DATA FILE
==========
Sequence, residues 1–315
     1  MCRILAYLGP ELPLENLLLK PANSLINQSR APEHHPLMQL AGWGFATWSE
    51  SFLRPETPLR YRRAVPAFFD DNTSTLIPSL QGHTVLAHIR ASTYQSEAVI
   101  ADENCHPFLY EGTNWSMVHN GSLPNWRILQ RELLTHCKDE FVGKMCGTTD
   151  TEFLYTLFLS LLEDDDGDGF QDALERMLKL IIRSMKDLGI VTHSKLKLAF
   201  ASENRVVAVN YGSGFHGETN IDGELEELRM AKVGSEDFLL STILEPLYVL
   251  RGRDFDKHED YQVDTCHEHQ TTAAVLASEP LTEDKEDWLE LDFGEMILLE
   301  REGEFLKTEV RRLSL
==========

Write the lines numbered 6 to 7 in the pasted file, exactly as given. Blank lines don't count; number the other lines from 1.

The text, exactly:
   201  ASENRVVAVN YGSGFHGETN IDGELEELRM AKVGSEDFLL STILEPLYVL
   251  RGRDFDKHED YQVDTCHEHQ TTAAVLASEP LTEDKEDWLE LDFGEMILLE